Eric asked in Education & ReferenceTeaching · 7 years ago

How do you teach a student who is in ISS often?

I am a high school biology teacher in their first year and I am running into a problem now that we are almost half way through with the school year. I work at a school with a very high at-risk population and as a result, some of my students spend more time in ISS than in my classroom. Often, it's due to a problem they had with another teacher. I am curious as how we, as teachers, are supposed to combat this issue.

I usually have 2 graded assignments per week and if a student is in ISS, they are missing those assignments. They are usually not ones I can simply just send down to ISS and expect the student to understand; they are challenging enough that I work with the students to help accomplish it. Do I just enter zeroes in the gradebook because they're not there? How can I expect them to a learn a complex subject like Biology if they're not in my class half the time?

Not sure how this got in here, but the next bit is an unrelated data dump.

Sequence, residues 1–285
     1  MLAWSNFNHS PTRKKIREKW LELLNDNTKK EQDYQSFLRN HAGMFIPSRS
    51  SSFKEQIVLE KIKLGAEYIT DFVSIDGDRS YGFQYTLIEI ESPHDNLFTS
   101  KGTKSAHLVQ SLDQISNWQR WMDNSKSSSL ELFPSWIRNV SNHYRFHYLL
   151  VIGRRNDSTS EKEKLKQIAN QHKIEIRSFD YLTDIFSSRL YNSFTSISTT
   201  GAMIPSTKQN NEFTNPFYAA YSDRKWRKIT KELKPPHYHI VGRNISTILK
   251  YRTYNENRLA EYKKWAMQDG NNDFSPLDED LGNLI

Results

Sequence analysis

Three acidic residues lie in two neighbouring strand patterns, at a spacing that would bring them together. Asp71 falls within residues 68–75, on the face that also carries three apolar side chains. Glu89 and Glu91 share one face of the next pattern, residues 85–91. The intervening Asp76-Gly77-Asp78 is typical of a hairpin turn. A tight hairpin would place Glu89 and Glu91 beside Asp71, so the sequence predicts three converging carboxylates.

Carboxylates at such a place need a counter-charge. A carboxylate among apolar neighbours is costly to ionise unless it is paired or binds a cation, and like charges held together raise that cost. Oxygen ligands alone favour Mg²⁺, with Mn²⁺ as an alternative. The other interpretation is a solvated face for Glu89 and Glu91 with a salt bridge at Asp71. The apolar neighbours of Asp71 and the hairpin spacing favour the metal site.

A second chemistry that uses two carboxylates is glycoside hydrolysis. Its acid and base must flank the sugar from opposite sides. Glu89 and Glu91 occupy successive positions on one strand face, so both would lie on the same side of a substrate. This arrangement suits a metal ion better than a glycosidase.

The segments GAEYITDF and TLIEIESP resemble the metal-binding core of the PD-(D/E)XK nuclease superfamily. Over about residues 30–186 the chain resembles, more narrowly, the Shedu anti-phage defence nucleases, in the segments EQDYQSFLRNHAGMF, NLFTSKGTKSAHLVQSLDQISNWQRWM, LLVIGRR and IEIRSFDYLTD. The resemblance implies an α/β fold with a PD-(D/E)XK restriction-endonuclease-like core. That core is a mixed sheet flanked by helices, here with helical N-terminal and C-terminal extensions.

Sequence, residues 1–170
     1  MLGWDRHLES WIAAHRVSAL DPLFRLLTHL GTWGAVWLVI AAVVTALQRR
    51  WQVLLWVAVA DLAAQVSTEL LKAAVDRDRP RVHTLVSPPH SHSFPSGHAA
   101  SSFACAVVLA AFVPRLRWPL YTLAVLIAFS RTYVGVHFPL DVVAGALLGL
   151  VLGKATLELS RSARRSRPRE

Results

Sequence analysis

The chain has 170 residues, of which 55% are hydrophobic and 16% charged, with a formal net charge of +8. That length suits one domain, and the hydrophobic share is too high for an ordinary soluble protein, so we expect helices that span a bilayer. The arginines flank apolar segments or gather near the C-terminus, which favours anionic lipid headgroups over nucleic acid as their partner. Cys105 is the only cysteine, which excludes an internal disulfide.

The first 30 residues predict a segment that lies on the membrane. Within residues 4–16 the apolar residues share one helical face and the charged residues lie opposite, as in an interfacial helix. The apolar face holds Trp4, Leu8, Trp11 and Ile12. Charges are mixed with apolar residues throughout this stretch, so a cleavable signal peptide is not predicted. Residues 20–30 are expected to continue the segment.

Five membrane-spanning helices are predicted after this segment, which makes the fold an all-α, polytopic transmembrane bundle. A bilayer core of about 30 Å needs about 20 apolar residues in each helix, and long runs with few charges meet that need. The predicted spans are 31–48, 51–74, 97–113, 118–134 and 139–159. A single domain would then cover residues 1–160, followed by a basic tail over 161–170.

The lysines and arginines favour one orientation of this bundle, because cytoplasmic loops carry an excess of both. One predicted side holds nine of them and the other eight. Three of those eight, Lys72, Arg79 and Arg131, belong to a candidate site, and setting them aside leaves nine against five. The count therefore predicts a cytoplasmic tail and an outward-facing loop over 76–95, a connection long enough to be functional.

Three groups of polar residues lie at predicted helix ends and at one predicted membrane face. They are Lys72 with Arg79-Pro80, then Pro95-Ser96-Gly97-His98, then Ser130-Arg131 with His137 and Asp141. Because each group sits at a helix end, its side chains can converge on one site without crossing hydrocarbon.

I struggle with being able to just say "oh well, don't get sent to ISS and you won't have zeroes" but at the same time it's not fair to the other students who come in daily and work hard if the ISS student can still somehow earn a good grade even thought they're not in class. HELP!

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  • 7 years ago
    Best Answer

    This is a big problem that I have had to deal with before. I don't know what the situation on your campus is, but hopefully one of these solutions might be feasible for you.

    If the student is special ed, you might be able to have one of the special ed teachers or aides help the student while in the ISS setting.

    During my student teaching, I was able to convince the principal to allow me to pull particular students out of the ISS environment for my class only.

    The last option would be to use conference or PLC time to go help the student down in the ISS room. Our district is really pushing for cooperative planning times, so each core teacher has an extra period each day (in addition to their conference) for planning with team members. If there needs to be a specific student intervention, it can be done during that time.

    I realize that none of these options is ideal. It is super lame to have to give up your own time to give extra time to student that is suffering their own, deserved punishment.

    I understand your frustration!

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